Access to the column is open to all this month! Here’s an excerpt:
Although the examples I’ve cited here are recent, the phenomenon is not. “Flaubert me no Flauberts. Bovary me no Bovarys. Zola me no Zolas,” the novelist Thomas Wolfe wrote to F. Scott Fitzgerald in 1937. “And exuberance me no exuberances. Leave this stuff for those who huckster in it...” Facebook may have popularized to friend (the verb has been in widespread use since about 2005), but friend had occasionally been used as a verb since the 1200s, according to the OED. Four and a half centuries before there were mobile text messages, to text meant “to write in text letters” – the large writing used by clerks in the body of a manuscript. (The past-tense form of text still stymies many people. For the record, it’s texted. As linguist Arnold Zwicky pointed out in 2008, “Verbing has always weirded [not weird] language.”)
Gee, it seems like only last week that I brought you tidings of “family” and “museum” being used as verbs. Hang on – it was last week! And now I can make it a trifecta: the cable network TCM (Turner Classic Movies) has launched a new ad campaign that verbifies “movie.”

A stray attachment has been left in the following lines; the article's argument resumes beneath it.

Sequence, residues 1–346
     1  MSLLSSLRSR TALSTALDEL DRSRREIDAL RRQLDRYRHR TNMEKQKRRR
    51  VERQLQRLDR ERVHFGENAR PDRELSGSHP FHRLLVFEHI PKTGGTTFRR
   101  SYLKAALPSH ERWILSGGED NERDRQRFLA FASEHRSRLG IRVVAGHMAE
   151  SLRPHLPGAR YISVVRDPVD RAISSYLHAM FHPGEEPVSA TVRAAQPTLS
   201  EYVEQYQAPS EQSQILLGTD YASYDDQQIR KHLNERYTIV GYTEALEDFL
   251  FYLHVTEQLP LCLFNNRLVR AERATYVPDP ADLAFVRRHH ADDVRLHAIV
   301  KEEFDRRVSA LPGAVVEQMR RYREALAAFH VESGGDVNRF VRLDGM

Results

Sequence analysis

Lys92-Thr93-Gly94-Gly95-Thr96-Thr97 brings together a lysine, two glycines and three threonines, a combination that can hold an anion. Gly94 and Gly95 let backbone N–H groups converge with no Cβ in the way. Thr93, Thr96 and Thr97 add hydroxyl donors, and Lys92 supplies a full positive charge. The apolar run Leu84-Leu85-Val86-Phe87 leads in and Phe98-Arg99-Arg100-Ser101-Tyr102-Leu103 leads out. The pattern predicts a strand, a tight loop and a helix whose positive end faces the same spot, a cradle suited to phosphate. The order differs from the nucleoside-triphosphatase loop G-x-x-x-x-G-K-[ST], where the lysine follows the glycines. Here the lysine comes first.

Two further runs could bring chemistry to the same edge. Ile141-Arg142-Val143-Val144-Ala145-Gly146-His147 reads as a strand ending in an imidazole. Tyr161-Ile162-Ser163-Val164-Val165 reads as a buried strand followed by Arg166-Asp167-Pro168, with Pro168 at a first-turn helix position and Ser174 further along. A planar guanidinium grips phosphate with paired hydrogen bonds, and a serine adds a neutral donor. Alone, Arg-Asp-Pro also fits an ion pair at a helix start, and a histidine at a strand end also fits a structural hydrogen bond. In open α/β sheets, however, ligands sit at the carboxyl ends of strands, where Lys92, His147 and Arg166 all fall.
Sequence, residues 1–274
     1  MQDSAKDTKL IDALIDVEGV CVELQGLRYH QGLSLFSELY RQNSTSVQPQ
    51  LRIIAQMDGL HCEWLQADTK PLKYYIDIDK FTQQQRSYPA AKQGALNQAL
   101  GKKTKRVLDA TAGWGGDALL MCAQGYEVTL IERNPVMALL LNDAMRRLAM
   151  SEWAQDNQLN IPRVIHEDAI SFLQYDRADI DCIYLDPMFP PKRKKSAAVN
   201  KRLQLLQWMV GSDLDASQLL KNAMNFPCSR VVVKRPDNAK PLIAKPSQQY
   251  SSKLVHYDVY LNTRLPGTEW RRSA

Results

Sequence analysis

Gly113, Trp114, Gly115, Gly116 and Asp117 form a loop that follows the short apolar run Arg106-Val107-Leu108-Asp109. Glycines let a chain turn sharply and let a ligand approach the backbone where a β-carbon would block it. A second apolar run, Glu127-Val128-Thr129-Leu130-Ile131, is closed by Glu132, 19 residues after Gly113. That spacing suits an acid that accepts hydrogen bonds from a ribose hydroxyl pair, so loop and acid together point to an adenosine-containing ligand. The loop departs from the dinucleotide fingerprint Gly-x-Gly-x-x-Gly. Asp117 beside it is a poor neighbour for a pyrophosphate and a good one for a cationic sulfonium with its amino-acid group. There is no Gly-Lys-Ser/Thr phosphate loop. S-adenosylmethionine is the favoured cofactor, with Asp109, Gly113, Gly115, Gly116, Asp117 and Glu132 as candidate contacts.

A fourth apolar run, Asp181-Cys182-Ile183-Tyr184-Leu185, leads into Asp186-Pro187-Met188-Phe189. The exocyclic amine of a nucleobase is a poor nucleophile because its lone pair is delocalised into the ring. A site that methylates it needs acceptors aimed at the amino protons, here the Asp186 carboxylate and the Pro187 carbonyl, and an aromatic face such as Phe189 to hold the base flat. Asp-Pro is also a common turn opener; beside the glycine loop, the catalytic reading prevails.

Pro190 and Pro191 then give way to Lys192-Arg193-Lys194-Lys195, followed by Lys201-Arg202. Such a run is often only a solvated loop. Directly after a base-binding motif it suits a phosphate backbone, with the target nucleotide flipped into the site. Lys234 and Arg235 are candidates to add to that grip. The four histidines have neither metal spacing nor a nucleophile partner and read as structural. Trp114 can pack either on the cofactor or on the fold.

A new brand campaign for Turner Classic Movies not only puts the emphasis on movies, but turns the word into a verb.
With the slogan “Let’s Movie,” the channel is urging people who love movies—not just the classics—to tune in.
Watch the 60-second spot, which contrary to the mission statement does in fact spotlight classic movies like Casablanca and Ben-Hur, and whose narrator coos, “Let’s live. Let’s love. Let’s go. Let’s movie!”
And mark your calendars: September 19 is Let’s Movie Day. “Hopefully that will get a little buzz,” TCM general manager Jennifer Dorian told B&C, a little plaintively.
By the way, “Let’s Movie” is not to be confused with “Let’s Move,” which is First Lady Michelle Obama’s campaign to reduce childhood obesity.
Verbifying a noun is a popular (lazy) way for ad copywriters to say “Look at how creative and action packed we are!” Two current marketing efforts, from Tylenoland the Natural History Museumof Los Angeles County, perpetuate the trope.
This Is How: Proven Aid in Overcoming Shyness, Molestation, Fatness, Spinsterhood, Grief, Disease, Lushery, Decrepitude & More. For Young and Old Alike, by Augusten Burroughs. The paperback edition (2013) bore an abbreviated subtitle: Surviving What You Think You Can't.